Preparing for the Worst

Preparing for the Worst

Living in the Deep South we have always had to be aware of the potential for hurricanes and tropical storms. I have very vivid memories of the floods of 1994. I remember the eerie silence when Interstate 75 was shut down after a portion of the super highway collapsed. They closed the Macon airport and cancelled all UPS and Fed-Ex shipments. I poured 11 semen shipments down the drain and worried how we would be able to receive our medication shipments. I also remember the helicopters hovering overhead; you knew this was really serious. In the weeks and months that followed we faced numerous challenges trying to get to our patients on farm calls as many of the roads and bridges that we normally traveled had been damaged by the flooding.

The year before we had a severe ice storm in middle Georgia with wide spread power outages. It sounds really romantic to sleep by a fireplace but the truth is one side is cold, the other is hot and the floor is hard. We struggled to care for the horses as water on the farm comes from one of two wells. With no electricity we had no water. We loaded up large barrels, troughs, buckets, any vessel we had to haul water to the 50 horses on the farm. With no electricity we had no lights; it’s hard to clean stalls in the dark. I gained a new respect for portable generators and envied those who had them in place.

I used to think that tornadoes were only a problem in Oklahoma  but the past few years have shown me that we are all vulnerable. On Mother’s Day of 2008 a powerful tornado blasted through Roberta, Macon and Milledgeville. Many farms were damaged and horses were severely injured. One of the questions I always get is, “Should I put my horse in the barn if a storm is coming?” I don’t have a good answer. The truth is a sturdy barn will help protect horses from flying debris that acts like shrapnel but in the case of a powerful tornado the barn and everything in it may be completely demolished.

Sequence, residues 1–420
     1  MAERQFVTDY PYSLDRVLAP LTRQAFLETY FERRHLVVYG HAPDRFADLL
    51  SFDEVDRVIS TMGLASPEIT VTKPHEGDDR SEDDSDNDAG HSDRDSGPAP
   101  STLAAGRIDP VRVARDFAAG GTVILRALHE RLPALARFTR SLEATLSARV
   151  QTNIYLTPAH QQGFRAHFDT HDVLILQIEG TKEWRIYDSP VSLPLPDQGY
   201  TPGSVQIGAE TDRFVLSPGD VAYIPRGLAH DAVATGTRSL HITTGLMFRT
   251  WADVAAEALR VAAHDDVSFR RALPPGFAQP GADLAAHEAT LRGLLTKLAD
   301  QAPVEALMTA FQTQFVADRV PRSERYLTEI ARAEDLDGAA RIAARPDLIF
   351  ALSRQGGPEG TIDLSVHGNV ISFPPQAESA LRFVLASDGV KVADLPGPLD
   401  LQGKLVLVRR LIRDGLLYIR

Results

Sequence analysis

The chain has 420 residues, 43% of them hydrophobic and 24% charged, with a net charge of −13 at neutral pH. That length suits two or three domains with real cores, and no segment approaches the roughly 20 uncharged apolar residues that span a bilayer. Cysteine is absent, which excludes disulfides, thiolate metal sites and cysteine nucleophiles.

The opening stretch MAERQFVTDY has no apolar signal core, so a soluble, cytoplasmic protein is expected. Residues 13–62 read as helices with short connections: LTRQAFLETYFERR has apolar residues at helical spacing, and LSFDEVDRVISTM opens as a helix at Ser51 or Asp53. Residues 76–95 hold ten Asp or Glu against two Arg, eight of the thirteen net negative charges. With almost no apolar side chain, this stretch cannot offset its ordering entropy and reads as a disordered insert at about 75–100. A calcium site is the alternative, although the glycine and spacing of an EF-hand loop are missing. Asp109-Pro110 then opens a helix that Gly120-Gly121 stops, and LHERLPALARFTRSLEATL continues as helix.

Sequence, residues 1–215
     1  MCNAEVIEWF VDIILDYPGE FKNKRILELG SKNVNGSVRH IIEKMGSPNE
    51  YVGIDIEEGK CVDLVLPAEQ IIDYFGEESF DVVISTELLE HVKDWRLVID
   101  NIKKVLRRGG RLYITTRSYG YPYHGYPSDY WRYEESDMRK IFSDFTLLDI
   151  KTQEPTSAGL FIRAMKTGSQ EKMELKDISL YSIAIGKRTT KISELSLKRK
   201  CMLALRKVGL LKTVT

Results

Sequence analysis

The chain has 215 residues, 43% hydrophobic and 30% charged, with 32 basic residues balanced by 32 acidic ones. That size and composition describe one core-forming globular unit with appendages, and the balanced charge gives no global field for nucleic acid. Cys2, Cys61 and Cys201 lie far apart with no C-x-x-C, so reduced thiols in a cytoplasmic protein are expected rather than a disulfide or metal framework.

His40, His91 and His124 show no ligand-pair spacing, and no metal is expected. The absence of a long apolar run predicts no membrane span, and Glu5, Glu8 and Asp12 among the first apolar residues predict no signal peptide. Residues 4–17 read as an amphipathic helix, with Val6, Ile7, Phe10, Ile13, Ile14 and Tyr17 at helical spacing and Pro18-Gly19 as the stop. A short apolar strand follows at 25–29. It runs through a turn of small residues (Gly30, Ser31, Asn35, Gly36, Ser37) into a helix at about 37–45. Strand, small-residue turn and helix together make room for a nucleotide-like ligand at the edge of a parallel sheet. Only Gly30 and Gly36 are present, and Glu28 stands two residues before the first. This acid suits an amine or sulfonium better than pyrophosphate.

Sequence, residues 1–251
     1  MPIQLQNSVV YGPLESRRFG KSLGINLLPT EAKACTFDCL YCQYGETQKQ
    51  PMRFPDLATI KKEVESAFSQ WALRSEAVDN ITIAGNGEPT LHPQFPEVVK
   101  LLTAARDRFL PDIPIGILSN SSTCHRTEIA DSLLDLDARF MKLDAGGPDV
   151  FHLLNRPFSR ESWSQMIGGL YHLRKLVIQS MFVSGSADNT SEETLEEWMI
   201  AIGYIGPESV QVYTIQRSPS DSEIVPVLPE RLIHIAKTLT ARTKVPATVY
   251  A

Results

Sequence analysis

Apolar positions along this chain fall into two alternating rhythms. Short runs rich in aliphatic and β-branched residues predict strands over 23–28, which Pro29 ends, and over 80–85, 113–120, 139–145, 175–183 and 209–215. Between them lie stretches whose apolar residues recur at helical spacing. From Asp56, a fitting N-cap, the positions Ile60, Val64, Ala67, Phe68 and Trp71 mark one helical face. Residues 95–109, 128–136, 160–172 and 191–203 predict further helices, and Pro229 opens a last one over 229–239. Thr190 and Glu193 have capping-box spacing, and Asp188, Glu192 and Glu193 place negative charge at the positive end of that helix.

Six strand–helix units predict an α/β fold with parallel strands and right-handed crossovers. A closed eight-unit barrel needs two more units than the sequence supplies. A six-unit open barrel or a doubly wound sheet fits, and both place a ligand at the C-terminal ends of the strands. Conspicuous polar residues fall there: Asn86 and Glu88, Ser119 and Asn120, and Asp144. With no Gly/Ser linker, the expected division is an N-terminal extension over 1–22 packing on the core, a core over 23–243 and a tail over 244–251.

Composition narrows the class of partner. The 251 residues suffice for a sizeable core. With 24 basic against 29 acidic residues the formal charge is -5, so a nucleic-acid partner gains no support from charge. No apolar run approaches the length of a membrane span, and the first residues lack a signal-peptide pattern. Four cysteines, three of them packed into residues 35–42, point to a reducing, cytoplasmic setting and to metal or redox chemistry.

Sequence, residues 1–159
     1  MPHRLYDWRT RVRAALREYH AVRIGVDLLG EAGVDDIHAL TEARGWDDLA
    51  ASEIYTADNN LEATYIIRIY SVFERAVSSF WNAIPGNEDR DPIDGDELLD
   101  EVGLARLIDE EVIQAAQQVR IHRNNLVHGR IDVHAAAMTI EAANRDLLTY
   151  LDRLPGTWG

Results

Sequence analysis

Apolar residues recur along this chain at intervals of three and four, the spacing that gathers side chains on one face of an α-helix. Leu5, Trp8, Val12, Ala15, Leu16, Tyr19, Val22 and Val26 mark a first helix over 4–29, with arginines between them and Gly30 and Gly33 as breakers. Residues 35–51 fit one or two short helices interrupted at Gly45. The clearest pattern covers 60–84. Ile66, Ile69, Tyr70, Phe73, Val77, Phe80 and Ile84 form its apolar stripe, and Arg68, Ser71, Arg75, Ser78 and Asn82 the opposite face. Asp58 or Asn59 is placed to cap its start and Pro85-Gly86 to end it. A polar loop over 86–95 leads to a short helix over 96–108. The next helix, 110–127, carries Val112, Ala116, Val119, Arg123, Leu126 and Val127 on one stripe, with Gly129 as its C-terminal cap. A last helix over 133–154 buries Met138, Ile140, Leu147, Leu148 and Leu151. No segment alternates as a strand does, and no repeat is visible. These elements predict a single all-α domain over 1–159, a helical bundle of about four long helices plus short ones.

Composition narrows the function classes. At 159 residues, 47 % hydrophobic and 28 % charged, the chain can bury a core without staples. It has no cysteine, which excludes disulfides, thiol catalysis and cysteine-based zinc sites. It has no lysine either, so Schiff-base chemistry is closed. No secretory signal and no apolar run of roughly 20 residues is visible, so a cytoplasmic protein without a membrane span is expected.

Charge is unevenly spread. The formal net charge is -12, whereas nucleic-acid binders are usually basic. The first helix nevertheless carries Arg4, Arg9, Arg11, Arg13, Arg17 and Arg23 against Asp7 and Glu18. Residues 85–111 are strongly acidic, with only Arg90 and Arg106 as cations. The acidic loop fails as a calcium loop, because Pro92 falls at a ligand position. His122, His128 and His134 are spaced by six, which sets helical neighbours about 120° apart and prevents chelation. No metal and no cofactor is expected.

In many ways a hurricane gives us time to prepare. We can move horses out of the path of the storm. We can move to higher ground if flooding is expected. A tornado or ice storm doesn’t give us the advance warning.

There are some things that we can all do to better prepare ourselves in case the worst happens. We all need a plan; Where will we go? How will we move the horses? How much grain and hay should I take? What route would I take? Do I live in a flood plain?

We also need some tools to help us. Horses need to be identified if the worst is coming your way. A simple can of spray paint would allow you to paint your phone number on the horse. Having your truck and trailer ready to go and your horse trained to load, day or night are good starts. A portable generator for the farm would get you the needed electricity for the essentials.

The American Veterinary Medical Association (AVMA) has compiled some great materials to help you prepare. I found the article “Saving the Whole Family” to be very helpful. I have included some highlights of this paper but you can view this article by clicking here.

Do Not Wait Until It Is Too Late

Countless times people have been told to leave their homes for a “short time,” only to find that they cannot return for days or weeks. Even disasters like gas leaks and minor flooding can keep you from tending to your animals for extended periods of time. To prevent situations such as these take your animals with you.
It is best to be overly cautious during a disaster warning. Preparing ahead of time and acting quickly is the best way to keep you and your family, including your animals, out of danger.
• Familiarize yourself with each type of disaster that could affect your area, not forgetting a hazardous materials spill.
• Be prepared for the possible disruption of services for extended periods of time, including electric, phone, and local food and water sources.
• Having a plan in place and practicing the plan prior to a disaster will help you accomplish a successful evacuation and maintain the safety of your animals.


Equine Identification

Having identification on your animals may help reunite you with your animal(s) in the event that you are separated. Identification should provide your name, home address, a phone number where you can be reached, and an out-of-state phone number of someone with whom you will be in contact during or soon after the disaster/evacuation. Examples of some forms of identification are listed below.
• microchip*
• tattoo
• halter tag
• neck collars
• brand
• mane clip
• luggage tag braided into tail or mane
• clipper-shaved information in the animals' hair
• livestock marking crayon, non-toxic, non-watersoluble spray paint, or non-water-soluble markers to write on the animals' side